- And if it is Sunday night then it is not in Europe. In half an hour it is midnight in central Europe... Maybe he is making a hoax on us that have been awaiting a new Lorenz? Quite dissapointed now and will go to bed ;-) --Kynde (talk) 21:26, 3 April 2016 (UTC)
Is it possible that the April joke is the banner and the absent comic? I propose a new wiki page is created for comic 1663 (April 1st), containing the banner and discussion about where the comic has gone.
126.96.36.199 14:02, 2 April 2016 (UTC)Wilhelm
- I have thought about it, but I think we should await the next comic on Monday before creating any pages. It could of course be, I would think it was a poor April fool's joke especially since it is still up on the 2nd of April. And he would let down his fans... But of course he has done one such meta comics before, but that was not in stead of another comic. And if this is the April joke, but the comic on Mond1ay is called 1663 then it would be stupid to have called this "one" 1663. I have some screen shots of the first status update and then as it looks now. These can be used either in the explanation when the comic comes up, or if there never will be a comic. --Kynde (talk) 14:27, 2 April 2016 (UTC)
Update @ 5:37 PM EST (GMT -5:00, Randall lives in Boston, it's his timezone). Still the "everything's on fire" banner but no new comic. He should have it up within about 6 hours and 20 minutes maximum. Papayaman1000 (talk) 21:55, 3 April 2016 (UTC)
- Update: Time is up for GB and Germany respectively, would have been an amazing birthday for someone I know. ẞ qwertz (talk) 00:30, 4 April 2016 (UTC)
Update @ 10:30 PM EST: Still no comic. Same banner. Same person reporting. Papayaman1000 (talk) 02:32, 4 April 2016 (UTC)
10:20 PM CDT and there is still no comic 188.8.131.52 03:19, 4 April 2016 (UTC)
11:30. Nothing. Randall, I HATE you. Papayaman1000 (talk) 03:29, 4 April 2016 (UTC)
12:07am, it's Monday in Boston now, everything is still on fire. Miamiclay (talk) 04:08, 4 April 2016 (UTC)
02:06am Monday, neither the Friday nor the Monday comic is up. Atill same banner as yesterday. Fuck. Papayaman1000 (talk) 06:07, 4 April 2016 (UTC)
- Despair not, betcha it'll be worth the wait! Miamiclay (talk) 07:49, 4 April 2016 (UTC)
- calm down! he still has 3 hours 45 minutes from Baker Island's perspective. ẞ qwertz (talk) 08:16, 4 April 2016 (UTC)
Re: 'everything is on fire': Maybe Jack and Jill were trying to get water for that. 184.108.40.206 12:33, 4 April 2016 (UTC)
HOLYFUCKITSUP Papayaman1000 (talk) 08:43, 4 April 2016 (UTC)
- Finally Garden is up on xkcd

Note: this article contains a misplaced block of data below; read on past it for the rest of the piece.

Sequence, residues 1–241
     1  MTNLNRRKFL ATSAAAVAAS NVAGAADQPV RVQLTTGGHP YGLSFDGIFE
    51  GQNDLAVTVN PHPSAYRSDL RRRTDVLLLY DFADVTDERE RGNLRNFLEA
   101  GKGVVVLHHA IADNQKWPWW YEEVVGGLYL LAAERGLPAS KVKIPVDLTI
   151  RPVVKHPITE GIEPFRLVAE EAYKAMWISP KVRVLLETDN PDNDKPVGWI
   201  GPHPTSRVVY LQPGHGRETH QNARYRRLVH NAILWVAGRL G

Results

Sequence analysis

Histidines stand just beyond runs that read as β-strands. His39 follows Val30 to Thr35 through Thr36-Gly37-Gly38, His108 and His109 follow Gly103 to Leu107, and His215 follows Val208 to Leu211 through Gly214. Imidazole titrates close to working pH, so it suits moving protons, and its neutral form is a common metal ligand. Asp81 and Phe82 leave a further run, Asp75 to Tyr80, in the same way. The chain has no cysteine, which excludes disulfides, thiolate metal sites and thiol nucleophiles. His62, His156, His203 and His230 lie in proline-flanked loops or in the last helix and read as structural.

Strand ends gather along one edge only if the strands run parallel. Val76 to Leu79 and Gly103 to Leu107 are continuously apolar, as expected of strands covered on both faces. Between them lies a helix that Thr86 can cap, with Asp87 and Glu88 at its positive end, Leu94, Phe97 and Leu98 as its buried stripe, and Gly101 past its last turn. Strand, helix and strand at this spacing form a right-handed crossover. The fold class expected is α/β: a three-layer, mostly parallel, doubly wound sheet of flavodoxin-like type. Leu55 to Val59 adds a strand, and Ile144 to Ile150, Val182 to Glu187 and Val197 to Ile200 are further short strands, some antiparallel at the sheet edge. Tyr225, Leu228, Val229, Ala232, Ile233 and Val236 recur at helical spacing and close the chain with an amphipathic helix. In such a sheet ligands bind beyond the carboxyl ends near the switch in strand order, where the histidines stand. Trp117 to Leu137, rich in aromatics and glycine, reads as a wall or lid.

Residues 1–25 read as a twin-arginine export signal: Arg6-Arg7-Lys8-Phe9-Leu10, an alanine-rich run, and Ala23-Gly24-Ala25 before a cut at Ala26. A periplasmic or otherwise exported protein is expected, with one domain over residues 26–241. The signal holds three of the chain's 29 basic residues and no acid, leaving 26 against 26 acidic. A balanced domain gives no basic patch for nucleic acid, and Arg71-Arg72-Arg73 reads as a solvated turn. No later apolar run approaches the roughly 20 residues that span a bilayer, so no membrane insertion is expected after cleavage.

see Talk:1663:_Garden. -- Xorg (talk) 11:22, 4 April 2016 (UTC)
- Jeff's banner
This is off topic, but I noticed the banner from Jeff about 100 million views to the site! I followed the original explainxkcd site for about a year before the Wiki was created. If it's been going for 6 years then 100 million views would be an average of about 46,000 views per day and about 107,000 views per comic! Does anyone know when this Wiki was created?! I also know this average is misleading. Does anybody know what the current number of views per day is? Averaged over the last year for example?ExternalMonologue (talk) 00:53, 2 April 2016 (UTC)
- (There's probably a better place to discuss this on the Community Portal link, but I haven't looked myself and your 'question' is here, so...)
- 100 million views may include a significant number of "Is the latest comic up yet?" or "Has someone replied to my Discussion Pane comment, yet?". I think a better 'metric' (less likely to be inflated by lurkers and other people bashing backwards and forwards over established pages, looking for changes for whatever reason) would be the number of edits made. Still some slight inflation by spammers and "Something is wrong on the Internet!"ers, but much more representative of the degree of community spirit. (Still, a milestone is a milestone!) 220.127.116.11 01:50, 3 April 2016 (UTC)
Am I the only one who got a sense of foreboding in the third panel and was expecting Megan to stop or dissuade the kids from this dangerous activity, rather than wondering about hydrology. I thought that was the joke here - most people would think of stopping the kids and saving them from broken crown and tumbling-related injuries, while Megan goes on a tangent about hydrology.. 18.104.22.168 02:51, 2 April 2016 (UTC)
- I did not, she is not supposed to know the rhyme and would thus not know that they are supposed to fall down. --Kynde (talk) 05:32, 2 April 2016 (UTC)
- No, and I'm also surprised not to see it mentioned. that's exactly the reason for the blank third panel, to provide the pause for you to fill in your own punch-line (the bait) and then the final panel is the one where you're taken away at the tangent (the switch). The joke is funnier because of Megan's concern about the hydrology (which is funny by itself) distracting her from the obvious. 22.214.171.124IB
The poem only says that they go up the hill; it doesn't state that they had to reach the peak. The text seems to presume they had to go to the peak. 126.96.36.199 (talk) (please sign your comments with ~~~~)